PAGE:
State delays $43M due to nonprofits
State fiscal concerns to delay $43M for subsidies and grants
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More than $43 million in grants and subsidies awarded by the Legislature to various nonprofit groups will not be released until at least January, and even then will be subject to greater scrutiny under spending guidelines adopted by Gov. Linda Lingle.
The "Budget Execution Policies and Instructions" for the 2008 fiscal year were issued just ahead of the Tax Department's report that state revenues for last fiscal year were about $115 million less than forecast.
Nonprofit groups say they will be able to cope, but it will require some juggling of their budgets for the first six months of the fiscal year.
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Most nonprofit groups that were awarded grants and subsidies from the state Legislature are unlikely to receive any of that money until at least January, under spending policies adopted by the Lingle administration for the current fiscal year.
The Legislature approved 148 grants-in-aid totaling $43.1 million for operations and capital improvement projects for various nonprofit groups in the fiscal year that began July 1.
MONEY ON HOLD
A look at some of the grants-in-aid approved by the Legislature for the 2008 fiscal year for operations of nonprofit groups.
» Hawaii County Economic Opportunity Council, $552,227
» Kauai Economic Opportunity Inc., $540,000
» Hawaii Farm Bureau Federation, $500,000
» Hawaii Home Ownership Center, $500,000
» Bishop Museum, $450,000
» Friends of Iolani Palace, $400,000
» Parents and Children Together, Weed & Seed, $400,000
» Moanalua Gardens Foundation, $300,000
» Maui Community Arts & Cultural Center, $250,000
» Enterprise Honolulu, $250,000
Source: Hawaii Legislature
But that was before last week, when tax collections for the year came in at about $115 million less than projected.
Economists had warned of a drop in the revenue forecast prior to the final tax collection figures that were reported Friday.
Gov. Linda Lingle preceded the tax collection announcement with a June 27-dated memorandum to all department heads titled "FY 08 Budget Execution Policies and Instructions."
In it, Lingle states all grants will be made on a case-by-case basis, subject to her approval.
"Due to revenue and fiscal concerns, allotments for operating grants and subsidies will not be made in the first two quarters of FY08," she added. "Exceptions may be considered for public health and safety reasons or other critical needs."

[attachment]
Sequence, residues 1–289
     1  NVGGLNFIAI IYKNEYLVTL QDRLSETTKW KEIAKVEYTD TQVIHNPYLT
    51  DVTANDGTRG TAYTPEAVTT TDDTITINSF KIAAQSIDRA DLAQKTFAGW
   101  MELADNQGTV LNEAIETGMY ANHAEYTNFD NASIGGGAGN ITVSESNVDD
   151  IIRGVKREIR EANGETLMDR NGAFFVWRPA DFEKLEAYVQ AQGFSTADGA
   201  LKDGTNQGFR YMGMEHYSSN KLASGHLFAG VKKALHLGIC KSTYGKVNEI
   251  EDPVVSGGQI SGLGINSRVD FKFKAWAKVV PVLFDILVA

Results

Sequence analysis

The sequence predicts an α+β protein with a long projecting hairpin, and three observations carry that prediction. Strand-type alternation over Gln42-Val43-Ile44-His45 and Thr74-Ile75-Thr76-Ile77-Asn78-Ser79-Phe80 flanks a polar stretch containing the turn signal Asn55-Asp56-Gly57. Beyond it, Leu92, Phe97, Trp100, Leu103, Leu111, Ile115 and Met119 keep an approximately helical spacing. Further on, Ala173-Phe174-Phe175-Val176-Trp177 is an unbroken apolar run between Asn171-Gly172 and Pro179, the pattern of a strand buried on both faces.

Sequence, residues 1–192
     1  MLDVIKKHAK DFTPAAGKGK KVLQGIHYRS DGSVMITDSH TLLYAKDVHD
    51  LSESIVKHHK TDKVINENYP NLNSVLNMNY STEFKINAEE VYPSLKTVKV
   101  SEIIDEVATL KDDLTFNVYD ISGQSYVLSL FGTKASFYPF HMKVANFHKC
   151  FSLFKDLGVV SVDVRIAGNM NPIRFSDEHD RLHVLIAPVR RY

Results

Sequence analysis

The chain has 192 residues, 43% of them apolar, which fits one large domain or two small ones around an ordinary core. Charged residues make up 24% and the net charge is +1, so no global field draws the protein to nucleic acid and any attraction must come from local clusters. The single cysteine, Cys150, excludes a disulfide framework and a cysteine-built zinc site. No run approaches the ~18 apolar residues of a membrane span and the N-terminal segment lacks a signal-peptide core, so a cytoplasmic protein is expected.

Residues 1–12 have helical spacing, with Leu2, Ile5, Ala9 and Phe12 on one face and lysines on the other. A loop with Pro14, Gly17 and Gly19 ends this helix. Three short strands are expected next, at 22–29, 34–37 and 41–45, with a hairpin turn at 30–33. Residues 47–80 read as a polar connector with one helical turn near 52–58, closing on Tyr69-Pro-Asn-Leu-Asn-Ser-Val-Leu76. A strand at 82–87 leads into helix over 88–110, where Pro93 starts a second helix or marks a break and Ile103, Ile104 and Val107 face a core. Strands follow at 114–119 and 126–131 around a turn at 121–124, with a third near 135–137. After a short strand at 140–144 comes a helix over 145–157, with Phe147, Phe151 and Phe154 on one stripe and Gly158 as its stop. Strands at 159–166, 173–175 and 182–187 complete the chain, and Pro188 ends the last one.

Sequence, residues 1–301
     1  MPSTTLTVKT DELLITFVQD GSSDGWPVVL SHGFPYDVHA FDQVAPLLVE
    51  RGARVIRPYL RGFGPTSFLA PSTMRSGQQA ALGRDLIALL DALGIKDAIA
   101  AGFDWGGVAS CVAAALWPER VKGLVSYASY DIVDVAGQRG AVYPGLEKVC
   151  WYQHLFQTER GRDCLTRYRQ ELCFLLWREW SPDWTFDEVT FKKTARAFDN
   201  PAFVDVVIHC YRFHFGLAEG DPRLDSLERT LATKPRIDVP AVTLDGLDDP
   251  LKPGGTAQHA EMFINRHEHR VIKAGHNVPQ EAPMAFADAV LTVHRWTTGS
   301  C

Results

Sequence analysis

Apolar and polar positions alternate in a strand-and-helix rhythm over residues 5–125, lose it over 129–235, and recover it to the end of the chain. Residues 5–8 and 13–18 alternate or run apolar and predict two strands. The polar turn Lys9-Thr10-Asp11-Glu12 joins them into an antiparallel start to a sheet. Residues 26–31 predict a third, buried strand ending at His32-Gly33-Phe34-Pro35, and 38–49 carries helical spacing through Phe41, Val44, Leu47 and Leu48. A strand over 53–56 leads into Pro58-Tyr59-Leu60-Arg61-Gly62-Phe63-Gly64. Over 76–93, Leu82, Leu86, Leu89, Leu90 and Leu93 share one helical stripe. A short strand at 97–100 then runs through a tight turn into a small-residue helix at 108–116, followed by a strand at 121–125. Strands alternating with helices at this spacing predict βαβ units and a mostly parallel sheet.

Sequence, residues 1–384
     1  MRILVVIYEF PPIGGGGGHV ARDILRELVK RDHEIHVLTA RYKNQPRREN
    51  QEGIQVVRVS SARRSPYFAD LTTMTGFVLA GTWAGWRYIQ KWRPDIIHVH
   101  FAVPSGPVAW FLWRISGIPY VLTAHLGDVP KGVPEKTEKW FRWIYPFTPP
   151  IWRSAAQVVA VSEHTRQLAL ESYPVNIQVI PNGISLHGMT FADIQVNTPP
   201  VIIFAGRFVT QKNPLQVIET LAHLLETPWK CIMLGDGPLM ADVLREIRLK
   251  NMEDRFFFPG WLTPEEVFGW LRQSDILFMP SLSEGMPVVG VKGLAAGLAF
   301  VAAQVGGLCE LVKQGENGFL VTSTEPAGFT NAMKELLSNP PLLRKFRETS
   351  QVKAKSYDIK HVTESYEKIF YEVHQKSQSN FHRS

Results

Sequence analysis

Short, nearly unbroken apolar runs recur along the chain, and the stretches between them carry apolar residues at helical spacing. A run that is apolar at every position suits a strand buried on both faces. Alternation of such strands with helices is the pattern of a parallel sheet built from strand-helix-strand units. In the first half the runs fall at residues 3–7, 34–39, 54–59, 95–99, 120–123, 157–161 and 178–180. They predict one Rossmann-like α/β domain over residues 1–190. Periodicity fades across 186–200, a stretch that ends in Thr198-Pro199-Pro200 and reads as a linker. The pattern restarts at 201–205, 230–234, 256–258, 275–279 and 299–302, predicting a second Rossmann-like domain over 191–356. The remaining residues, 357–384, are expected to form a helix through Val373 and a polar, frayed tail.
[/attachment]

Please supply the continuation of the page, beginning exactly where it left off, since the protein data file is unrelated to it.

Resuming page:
Budget Director Georgina Kawamura said the six-month restriction is a "little different" from past practices but that it is in line with the administration's overall call for fiscal responsibility and justifying all expenditures.
She added that department heads would work with nonprofit groups to inform them of the policy.
Lingle's memo also declares that state agencies would only be receiving their budget allotments for the first quarter of the fiscal year. The remaining amounts are to be determined later, after the state Council on Revenues updates its forecast for the state's tax collections.
House Finance Chairman Marcus Oshiro (D, Wahiawa-Poamoho) said the recent budget memo was indicative of "how serious the reduction in the revenue forecast is being taken by the administration."
He noted that by law the governor must inform all grant recipients of the possibility that they might not receive the funds awarded by the Legislature.
"Some of them might be relying upon their first-quarter allotment," he said.
Grant amounts range from $20,000 for operations of the Paniolo Preservation Society to $2.2 million for construction projects of Kokua Kalihi Valley on Oahu.
Catholic Charities of the Diocese of Honolulu was awarded $134,000 for operations at its Lanakila Multi-Purpose Senior Center. Officials say the restrictions will lead to tighter budget management.
"It just means we have to use up whatever funds we have available in these early months," said Diane Terada, division administrator for Catholic Charities. "Hopefully, when the funds are released, the funds will be contracted quickly so we can maintain operations."
The Hawaii Primary Care Association, which was awarded $50,000 for a program that helps provide prescription drugs to poor people, said the program could be at risk if the funds ultimately do not come through.
"What we're going to do is try to juggle our budget and hope that the funding comes through," said Beth Giesting, chief executive officer of the Care Association.
She added that such budget restrictions have not been unusual.
"This is not unique to this administration," she said. "There have certainly been times in the past, when the budget wasn't looking too good, that the governor didn't release funding."